m_frame.getContentPane().setLayout( null );
                m_frame.getContentPane().add( jsp );
                m_table = new JTable();
                jsp.setViewportView( m_table );
                m_frame.pack();
            m_fontMetrics = m_table.getFontMetrics( m_table.getFont() );
            m_intercellSpacing = m_table.getIntercellSpacing();
            }
            else if( value == DISPLAY_WAIT_FOR_TASK ){
        m_pane = new JOptionPane( "Waiting for results..." );
        Object[] options = { "Cancel" };
        m_pane.setOptions( options );
        // without these 2 sQLCommand, just pressing Return will not cause the "Cancel" button to fire
        m_pane.setInitialValue( "Cancel" );
        m_pane.selectInitialValue();
        m_jDialog = m_pane.createDialog( m_frame, "Processing");
        m_jDialog.setVisible( true );

            }
            else if ( value == DISPLAY_WAIT_FOR_GUI_UPDATE ){
                // this if clause changes the wording of the JDialog/JOptionPane (and gets rid of its "Cancel" option button)
                // because at this point we are waiting for the GUI (Swing) to update the display
        m_pane.setOptions( null );
        m_pane.setMessage( "Populating..." );
        m_jDialog.setTitle( "Table being populated...");
            }
            else if ( value == UPDATE_TABLE_IN_GUI ){
                Object[] headings = { "one", "two", "three", "four", "five", "six", "one", "two", "three", "four", "five", "six",
                        "one", "two", "three", "four", "five", "six", "19", "20" }; 
                m_table.setModel( new javax.swing.table.DefaultTableModel( m_dataTable, headings ));

                // lengthy task which can only be done in the EDT: here, computing the preferred width for columns by examining 
                // the width (using FontMetrics) of each String in each cell...
                for( int colIndex = 0, n_cols = 20; i < n_cols; i++ ){
              int prefWidth = 0;
              javax.swing.table.TableColumn column = m_table.getColumnModel().getColumn( colIndex );
              int modelColIndex = m_table.convertColumnIndexToModel( colIndex );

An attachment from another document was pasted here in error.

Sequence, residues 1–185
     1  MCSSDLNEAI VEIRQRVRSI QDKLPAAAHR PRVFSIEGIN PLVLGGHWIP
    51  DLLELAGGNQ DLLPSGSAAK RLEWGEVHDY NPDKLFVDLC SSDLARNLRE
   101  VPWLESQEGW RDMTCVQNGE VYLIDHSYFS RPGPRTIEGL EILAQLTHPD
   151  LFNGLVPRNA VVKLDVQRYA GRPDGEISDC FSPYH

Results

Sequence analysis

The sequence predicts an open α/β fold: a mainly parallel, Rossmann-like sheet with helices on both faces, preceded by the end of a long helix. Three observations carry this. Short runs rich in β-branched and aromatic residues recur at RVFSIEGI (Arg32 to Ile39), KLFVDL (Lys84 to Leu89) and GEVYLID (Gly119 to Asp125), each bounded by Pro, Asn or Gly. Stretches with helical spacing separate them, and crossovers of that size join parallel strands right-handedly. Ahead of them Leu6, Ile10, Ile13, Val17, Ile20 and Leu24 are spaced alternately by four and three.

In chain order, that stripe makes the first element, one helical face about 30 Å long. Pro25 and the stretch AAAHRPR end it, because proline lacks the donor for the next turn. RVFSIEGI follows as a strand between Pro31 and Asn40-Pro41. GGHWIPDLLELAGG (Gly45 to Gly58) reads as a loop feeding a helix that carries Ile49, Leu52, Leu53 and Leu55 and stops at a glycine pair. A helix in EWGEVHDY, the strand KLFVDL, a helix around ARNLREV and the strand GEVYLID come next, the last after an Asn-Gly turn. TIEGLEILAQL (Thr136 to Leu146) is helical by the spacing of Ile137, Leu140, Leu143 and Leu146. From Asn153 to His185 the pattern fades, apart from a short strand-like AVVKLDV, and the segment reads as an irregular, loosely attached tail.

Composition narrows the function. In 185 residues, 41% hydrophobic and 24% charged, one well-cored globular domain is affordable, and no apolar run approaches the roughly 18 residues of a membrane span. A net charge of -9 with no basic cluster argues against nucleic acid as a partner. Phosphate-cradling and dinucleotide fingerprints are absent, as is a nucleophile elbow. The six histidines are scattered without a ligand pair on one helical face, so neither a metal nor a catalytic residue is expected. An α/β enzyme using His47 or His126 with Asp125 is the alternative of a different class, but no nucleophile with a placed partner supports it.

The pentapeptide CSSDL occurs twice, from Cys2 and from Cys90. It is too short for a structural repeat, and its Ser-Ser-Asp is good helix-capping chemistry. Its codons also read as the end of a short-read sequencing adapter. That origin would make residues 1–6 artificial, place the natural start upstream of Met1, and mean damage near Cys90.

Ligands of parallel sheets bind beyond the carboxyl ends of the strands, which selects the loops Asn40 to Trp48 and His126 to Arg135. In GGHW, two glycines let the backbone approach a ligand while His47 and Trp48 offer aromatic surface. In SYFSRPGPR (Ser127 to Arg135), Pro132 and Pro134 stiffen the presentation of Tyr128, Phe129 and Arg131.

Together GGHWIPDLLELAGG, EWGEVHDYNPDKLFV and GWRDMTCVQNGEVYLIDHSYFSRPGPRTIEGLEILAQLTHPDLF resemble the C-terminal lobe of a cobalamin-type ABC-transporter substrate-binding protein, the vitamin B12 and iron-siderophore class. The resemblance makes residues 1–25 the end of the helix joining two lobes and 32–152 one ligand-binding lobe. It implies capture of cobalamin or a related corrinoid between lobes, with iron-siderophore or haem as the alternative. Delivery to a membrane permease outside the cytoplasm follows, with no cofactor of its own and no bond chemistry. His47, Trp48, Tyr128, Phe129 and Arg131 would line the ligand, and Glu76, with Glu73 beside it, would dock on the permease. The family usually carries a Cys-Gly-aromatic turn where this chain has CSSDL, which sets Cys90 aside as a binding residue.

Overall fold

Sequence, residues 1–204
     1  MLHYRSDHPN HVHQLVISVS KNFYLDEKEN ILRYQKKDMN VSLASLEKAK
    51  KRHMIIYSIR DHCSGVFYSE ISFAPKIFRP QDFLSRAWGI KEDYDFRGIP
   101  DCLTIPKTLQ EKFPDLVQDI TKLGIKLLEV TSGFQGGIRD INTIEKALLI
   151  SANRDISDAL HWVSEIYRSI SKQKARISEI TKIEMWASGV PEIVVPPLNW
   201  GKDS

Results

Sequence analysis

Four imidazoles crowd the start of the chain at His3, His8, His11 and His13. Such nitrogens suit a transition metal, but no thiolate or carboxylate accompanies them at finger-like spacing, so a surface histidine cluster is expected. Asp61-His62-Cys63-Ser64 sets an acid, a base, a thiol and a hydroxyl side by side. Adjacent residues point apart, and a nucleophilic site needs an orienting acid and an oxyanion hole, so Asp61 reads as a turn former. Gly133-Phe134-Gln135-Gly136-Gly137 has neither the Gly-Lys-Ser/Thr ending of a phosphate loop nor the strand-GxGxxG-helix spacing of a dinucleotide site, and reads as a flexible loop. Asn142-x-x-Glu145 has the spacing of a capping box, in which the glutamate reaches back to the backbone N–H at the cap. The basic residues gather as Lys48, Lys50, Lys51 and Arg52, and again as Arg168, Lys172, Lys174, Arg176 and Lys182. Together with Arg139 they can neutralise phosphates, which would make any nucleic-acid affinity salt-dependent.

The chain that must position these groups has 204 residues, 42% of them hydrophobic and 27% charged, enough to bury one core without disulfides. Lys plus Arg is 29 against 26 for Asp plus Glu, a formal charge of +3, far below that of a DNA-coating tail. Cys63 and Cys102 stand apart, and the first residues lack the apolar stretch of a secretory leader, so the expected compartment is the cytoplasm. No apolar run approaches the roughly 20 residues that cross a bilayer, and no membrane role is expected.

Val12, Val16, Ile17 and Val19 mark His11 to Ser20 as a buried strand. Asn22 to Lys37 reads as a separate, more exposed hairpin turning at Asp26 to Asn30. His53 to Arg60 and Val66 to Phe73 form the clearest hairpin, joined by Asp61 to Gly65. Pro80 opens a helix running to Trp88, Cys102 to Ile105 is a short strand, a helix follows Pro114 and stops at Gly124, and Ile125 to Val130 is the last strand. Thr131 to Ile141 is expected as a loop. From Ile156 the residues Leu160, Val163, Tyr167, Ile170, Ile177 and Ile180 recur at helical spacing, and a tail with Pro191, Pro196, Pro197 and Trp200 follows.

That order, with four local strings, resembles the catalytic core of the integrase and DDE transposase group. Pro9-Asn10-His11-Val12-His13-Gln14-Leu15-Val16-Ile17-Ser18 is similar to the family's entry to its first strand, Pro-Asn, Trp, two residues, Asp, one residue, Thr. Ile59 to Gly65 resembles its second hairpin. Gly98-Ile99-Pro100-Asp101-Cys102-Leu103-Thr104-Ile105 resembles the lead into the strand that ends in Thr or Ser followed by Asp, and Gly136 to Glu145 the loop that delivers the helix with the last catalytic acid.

for( int rowIndex = 0, n_rows = m_table.getRowCount(); rowIndex < n_rows; rowIndex++ ){
                Object cellObject = m_table.getModel().getValueAt( rowIndex, modelColIndex );
                DefaultTableCellRenderer renderer = (DefaultTableCellRenderer)m_table.getCellRenderer( rowIndex, colIndex );
                int margins = 0;
                if( renderer instanceof Container ){
                  Insets insets = renderer.getInsets();
                  margins = insets.left + insets.right ;
                }
                Component comp = renderer.getTableCellRendererComponent( m_table, cellObject, true, false, rowIndex, colIndex);
                if( comp instanceof JLabel ){
                  String cellString = ((JLabel)comp).getText();
                  int width = SwingUtilities.computeStringWidth(m_fontMetrics, cellString) + margins;
                  // if we have discovered a String which is wider than the previously set widest width String... change prefWidth
                  if( width > prefWidth ){
                    prefWidth = width;
                  }
                }
              }
              prefWidth += m_intercellSpacing.width;
              column.setPreferredWidth(prefWidth);
            // slow things in EDT down a bit (artificially) for the sake of this SSCCE...
            try {
            Thread.sleep( 20L );
          } catch (InterruptedException e) {
            e.printStackTrace();
          }

                }
                m_jDialog.dispose();
            }
        }
    }

    public static void main( String[] a_args ){
        Coalescence c = new Coalescence();
        c.execute();
        try {
        c.get();
    } catch ( Exception e) {
        e.printStackTrace();
    }
    }

    static void p( String s ){
        System.out.println( s );
    }

}

... the program consists of 5 stages: 1) set up the GUI 2) put up a message saying "wait for the task to complete" 3) the "lengthy" non-EDT task 4) a change to the message so that it now says "wait for GUI to update the table" 5) updating of the table in GUI (followed by disposal of the JDialog/JOptionPane).